El Ateneo voted most beautiful bookstore in the world

There are 12 replies in this Thread. The last Post () by Rice.

  • Well-deserved accolade. It really IS one of a kind, and a very elegant repurposing of a majestic theater.

  • This building was a former theater-cinema built in 1925, still in classical architectural style. But it was not only a theater, as also has many floors above for residential purposes.

  • I never knew that, Carlos . This information makes the building even more intriguing. What cinema ever had upstairs neighbors?

    In your own country, you have an excellent example: The Auditorium Building of Chicago, designed by Louis Sullivan and Dankmar Adler in 1890. That is a huge building that contains the Opera theater and offices and apartments. Even in a tower there was installed the office of this firm, where Frank Lloyd Wright, at that time 21 years old, was the chief of 50 draughtsmen.

    Coming back to the BA builiding, please note that the theater (now library) is at the back of the lot. Previously there is a depth of about 35 feet with different rooms ( show of some recent books, the cashier, bathrooms, etc). Above this there are the apartments.

  • I can see that I need a return visit to El Ateneo, to look beyond the beauty and observe the entire structure. Thanks, Carlos , for the interesting information about both El Ateneo and Chicago’s Auditorium Theatre, where I have enjoyed many symphonies, plays and ballets while blissfully ignorant about the human drama occurring many floors overhead!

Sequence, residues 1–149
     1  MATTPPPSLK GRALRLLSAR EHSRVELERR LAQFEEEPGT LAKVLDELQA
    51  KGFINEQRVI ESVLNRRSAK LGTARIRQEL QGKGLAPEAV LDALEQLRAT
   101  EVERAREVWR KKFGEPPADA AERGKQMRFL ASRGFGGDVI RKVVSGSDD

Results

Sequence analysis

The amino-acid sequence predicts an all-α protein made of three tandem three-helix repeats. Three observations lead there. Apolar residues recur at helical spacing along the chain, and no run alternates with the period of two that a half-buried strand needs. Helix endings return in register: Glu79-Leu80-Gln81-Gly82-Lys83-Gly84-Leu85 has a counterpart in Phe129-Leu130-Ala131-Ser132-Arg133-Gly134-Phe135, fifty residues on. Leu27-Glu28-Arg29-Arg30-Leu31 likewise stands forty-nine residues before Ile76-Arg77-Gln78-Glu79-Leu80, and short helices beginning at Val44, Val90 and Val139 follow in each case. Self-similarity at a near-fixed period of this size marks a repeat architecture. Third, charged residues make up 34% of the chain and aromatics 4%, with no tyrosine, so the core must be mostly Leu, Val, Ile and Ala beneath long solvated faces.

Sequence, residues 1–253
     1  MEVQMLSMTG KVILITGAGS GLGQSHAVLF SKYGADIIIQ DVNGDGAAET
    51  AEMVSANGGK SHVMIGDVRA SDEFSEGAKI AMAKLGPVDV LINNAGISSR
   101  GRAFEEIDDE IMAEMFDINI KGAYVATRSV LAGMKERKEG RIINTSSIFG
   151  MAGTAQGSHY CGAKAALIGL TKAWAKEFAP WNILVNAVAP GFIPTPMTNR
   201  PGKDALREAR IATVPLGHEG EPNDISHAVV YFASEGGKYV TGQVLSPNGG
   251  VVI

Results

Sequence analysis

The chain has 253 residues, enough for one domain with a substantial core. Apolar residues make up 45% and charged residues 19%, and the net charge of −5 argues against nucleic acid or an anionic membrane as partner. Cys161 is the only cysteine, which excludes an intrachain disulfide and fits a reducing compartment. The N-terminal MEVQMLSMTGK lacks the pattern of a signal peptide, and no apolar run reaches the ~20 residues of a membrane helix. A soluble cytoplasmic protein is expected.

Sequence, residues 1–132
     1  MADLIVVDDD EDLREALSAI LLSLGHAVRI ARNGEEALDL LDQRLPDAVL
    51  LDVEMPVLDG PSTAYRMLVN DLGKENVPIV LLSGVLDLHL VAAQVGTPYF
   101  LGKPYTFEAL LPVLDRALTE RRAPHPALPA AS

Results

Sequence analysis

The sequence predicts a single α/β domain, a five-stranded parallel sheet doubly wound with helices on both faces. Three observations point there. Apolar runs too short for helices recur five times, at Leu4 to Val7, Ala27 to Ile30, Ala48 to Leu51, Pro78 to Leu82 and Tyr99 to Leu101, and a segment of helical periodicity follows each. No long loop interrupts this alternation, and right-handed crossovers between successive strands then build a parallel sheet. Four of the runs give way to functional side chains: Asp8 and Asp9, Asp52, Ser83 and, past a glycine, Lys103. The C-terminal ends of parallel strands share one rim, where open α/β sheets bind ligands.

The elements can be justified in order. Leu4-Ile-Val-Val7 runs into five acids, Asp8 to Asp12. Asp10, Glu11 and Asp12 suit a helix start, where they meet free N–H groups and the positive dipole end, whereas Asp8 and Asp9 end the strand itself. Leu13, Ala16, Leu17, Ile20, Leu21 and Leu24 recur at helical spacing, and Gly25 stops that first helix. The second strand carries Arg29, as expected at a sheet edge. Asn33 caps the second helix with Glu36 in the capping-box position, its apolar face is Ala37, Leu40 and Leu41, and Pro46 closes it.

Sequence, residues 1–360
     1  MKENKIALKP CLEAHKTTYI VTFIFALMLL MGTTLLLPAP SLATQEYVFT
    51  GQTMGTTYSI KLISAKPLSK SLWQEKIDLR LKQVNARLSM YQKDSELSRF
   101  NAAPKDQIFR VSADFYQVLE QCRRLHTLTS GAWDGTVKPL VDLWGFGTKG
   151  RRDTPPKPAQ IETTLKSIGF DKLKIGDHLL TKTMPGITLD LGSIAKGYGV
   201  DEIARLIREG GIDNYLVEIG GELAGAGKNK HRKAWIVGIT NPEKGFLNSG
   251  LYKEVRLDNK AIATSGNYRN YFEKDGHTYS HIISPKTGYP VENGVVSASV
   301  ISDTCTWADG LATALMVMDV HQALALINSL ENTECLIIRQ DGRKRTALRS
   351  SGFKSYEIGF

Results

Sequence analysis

Here are more views than you’d really want to see, that show some of the beautiful details:


  • Why human drama? It's just people at work and living.

    At least, in Spanish, drama connote grief, fear and danger. Perhaps this is not the case in English.

    The video is excellent.

  • Why human drama? It's just people at work and living.

    At least, in Spanish, drama connote grief, fear and danger. Perhaps this is not the case in English.

    The video is excellent.

    You’re right, Carlos , for English speaking countries, “drama” connotes not only tragedy but the complete gamut of emotions between tragedy and comedy.


    Or, as you properly note, “just people at work and living.”

  • This I noted from my translations. You English speakers use "dramatic" for an extraordinary change, for good or for evil, of a certain fact or process. We Spanish speakers use "dramatic" for only a cruel, evil or painful situation that always end in a bad way.

  • We also use “drama” and “dramatic” much more loosely.

    A child wailing about a lost toy is being dramatic.

    A high school student thrilled about being invited to a party is being dramatic.

    An angry jilted lover who takes a baseball bat to her man’s new Maserati is being dramatic....

  • We also use “drama” and “dramatic” much more loosely.

    A child wailing about a lost toy is being dramatic.

    A high school student thrilled about being invited to a party is being dramatic.

    An angry jilted lover who takes a baseball bat to her man’s new Maserati is being dramatic....

    I see that "dramatic" is an elastic word in English.